Secondary Logo

Journal Logo

Effects of obesity and some sociodemographic determinants on health-related quality of life in school-aged children in Greater Cairo

Elserougy, Safaaa; Salama, Somaiab; Salama, Imanb; Shaaban, Fatmac; Sami, Samiac

doi: 10.1097/01.MJX.0000414712.54546.57
ORIGINAL ARTICLES
Free

Objective To study the effects of childhood obesity on health-related quality of life (HRQOL) among school children.

Participants and methods The study included three comparable groups: healthy weight, overweight, and obese school children in Greater Cairo (n=410). They were of both sexes. Data on child-reported sociodemographic and the HRQOL questionnaire, weight, and height were collected.

Results The overweight and obese children had significantly poorer total and domain HRQOL scores compared with the healthy weight group (P<0.05), except for low self-esteem and public distress. Only the psychological distress and weight-related symptom measure domains showed significantly poorer scores in obese children compared with overweight children, who also had poorer scores compared with the healthy weight group. Across all sociodemographic strata (age, sex, social class, or mother’s education), the total HRQOL score was poorer in the obese and overweight group compared with the healthy weight group. Low social class, obesity, and younger age (≤12 years) were the significant predictors of a poor total HRQOL score.

Conclusion The problem of obesity and negative sociodemographic determinants in children should be dealt with comprehensively as early as possible to promote their HRQOL.

Departments of aEnvironmental and Occupational Medicine

bCommunity Medicine

cChild Health, National Research Center, Cairo, Egypt

Correspondence to Somaia Salama, Department of Community Medicine, National Research Centre, El-Bohouth Street, Dokki, 2311 Cairo, Egypt Tel: +002 023 333 5965; fax: +002 023 337 0931; e-mail: salamasomia@yahoo.com

Received November 20, 2011

Accepted January 10, 2012

Back to Top | Article Outline

Introduction

The increasing rates of childhood obesity have been identified as a major public health problem that threatens children’s health considerably 1. The national Egyptian levels of overweight and obesity have been determined to be 18% in boys and 22.9% in girls 2. El Derwi et al.3 reported that 34.2% of school children were overweight and obese in the Fayoum governorate in Egypt and significantly more prevalent among girls (39%) than boys (30.5%). The increasing prevalence and severity of obesity might be attributed to the complex interactions between genes, dietary intake, physical activity, and the environment 4. Childhood overweight and obesity in children is now so endemic that many countries are reporting a prevalence of 25% or higher 5.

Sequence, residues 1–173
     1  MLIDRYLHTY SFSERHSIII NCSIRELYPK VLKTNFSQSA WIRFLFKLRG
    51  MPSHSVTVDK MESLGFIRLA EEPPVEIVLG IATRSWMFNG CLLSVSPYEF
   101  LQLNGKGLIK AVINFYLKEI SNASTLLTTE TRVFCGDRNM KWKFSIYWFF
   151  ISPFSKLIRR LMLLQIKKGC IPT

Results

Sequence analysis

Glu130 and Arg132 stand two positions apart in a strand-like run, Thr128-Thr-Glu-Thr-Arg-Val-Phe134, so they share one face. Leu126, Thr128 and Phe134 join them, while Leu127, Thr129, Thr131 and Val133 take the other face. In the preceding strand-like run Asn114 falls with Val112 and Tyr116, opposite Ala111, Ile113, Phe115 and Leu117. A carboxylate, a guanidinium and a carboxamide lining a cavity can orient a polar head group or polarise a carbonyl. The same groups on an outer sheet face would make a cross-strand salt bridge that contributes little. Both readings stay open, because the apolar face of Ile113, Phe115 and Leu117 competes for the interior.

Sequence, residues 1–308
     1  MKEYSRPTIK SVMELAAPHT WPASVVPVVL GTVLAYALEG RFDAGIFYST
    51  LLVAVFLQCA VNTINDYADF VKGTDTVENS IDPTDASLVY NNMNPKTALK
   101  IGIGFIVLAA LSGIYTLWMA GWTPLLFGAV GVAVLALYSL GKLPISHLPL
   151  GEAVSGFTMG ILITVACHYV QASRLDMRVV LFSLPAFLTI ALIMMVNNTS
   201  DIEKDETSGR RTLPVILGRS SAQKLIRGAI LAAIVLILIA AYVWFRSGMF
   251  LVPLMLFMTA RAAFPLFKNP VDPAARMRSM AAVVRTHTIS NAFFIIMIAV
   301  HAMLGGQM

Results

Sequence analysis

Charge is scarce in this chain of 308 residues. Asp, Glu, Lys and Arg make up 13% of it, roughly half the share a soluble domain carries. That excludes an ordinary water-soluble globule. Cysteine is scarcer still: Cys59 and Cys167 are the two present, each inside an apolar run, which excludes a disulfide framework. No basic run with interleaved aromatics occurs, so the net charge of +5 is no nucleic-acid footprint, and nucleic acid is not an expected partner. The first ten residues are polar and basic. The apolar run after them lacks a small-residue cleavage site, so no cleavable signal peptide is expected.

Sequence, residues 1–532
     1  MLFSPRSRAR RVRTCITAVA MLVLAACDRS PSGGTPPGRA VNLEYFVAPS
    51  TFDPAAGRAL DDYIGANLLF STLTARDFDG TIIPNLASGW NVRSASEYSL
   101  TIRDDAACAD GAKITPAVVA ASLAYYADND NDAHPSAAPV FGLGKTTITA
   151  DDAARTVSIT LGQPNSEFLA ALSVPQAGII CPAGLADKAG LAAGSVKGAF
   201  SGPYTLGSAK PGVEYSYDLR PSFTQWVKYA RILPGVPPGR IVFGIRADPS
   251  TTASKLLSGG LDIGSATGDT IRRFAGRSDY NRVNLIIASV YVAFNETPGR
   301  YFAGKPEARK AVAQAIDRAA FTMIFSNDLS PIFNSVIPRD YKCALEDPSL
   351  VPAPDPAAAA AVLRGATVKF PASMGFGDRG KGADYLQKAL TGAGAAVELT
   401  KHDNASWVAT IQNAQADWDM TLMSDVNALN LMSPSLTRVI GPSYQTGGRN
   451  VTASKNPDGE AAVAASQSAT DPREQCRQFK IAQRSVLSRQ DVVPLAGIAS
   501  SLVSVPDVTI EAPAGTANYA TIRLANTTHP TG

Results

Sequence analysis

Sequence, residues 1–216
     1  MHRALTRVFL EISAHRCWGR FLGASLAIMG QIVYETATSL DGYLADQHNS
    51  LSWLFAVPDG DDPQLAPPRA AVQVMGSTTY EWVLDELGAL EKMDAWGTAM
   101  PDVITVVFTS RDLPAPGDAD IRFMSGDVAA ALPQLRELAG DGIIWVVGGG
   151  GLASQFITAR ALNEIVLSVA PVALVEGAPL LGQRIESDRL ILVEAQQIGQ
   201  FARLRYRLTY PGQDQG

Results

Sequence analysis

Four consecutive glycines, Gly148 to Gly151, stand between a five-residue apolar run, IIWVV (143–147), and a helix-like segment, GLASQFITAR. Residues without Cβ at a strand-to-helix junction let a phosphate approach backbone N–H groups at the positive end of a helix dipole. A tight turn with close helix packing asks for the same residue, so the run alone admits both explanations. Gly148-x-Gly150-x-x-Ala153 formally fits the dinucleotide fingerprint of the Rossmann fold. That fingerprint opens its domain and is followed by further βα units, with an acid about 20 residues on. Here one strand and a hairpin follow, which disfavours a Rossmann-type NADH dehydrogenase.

Health-related quality of life (HRQOL) is defined as a multidimensional concept, which includes an individual’s subjective evaluation of his/her physical, emotional, and social well-being 6. It has become a well-established patient-reported outcome for clinical trials in the past decade. It refers to the subset of quality of life (QOL) directly related to an individual’s health 7. In recent years, there has been extensive interest in the HRQOL of obese individuals 8,9.

Overweight and obesity are associated with many severe medical consequences even at a young age 10,11. As childhood overweight and obesity lead to a significant reduction in health-related functioning, this could have consequences on the population beyond the known complications associated with concurrent and future cardiovascular, endocrine, and psychosocial morbidity 12. Although childhood obesity can lead to such problems, efforts to examine HRQOL in overweight and obese youth have increased 13. Moreover, HRQOL is of particular interest in overweight and obese youth as, at younger ages, psychosocial impairments are more prevalent than somatic comorbidities 14, and the most common short-term consequences of childhood obesity are psychosocial in nature 15,16.

Social class is a traditional sociological concept. The concept of social class has been used to understand not only inequality in economic well-being but also several factors such as differences in lifestyles and social conflicts 17. Kawachi et al.18 found that both low income and increased income have been found to be associated with a decrease in physical activity.

Schwimmer et al.19 reported that ‘severely obese children and adolescents have lower HRQOL than healthy children and adolescents and have similar HRQOL as those diagnosed as having cancer’. However, if this association remains for overweight and obese children across the population, then a substantial proportion of children and adolescents could be experiencing poor HRQOL because of their weight 20. The last decade has witnessed a marked increase in the development and utilization of pediatric HRQOL measures in an effort to improve patient health and well-being and to determine the value of healthcare services 21. The construct of HRQOL enables health agencies to legitimately address broader areas of public health policy around a common theme in collaboration with a wider circle of health partners, including social service agencies, community planners, and business groups 22. The present study aimed to study the effects of overweight, obesity, or certain sociodemographic determinants on HRQOL in samples of primary to secondary school children in Greater Cairo.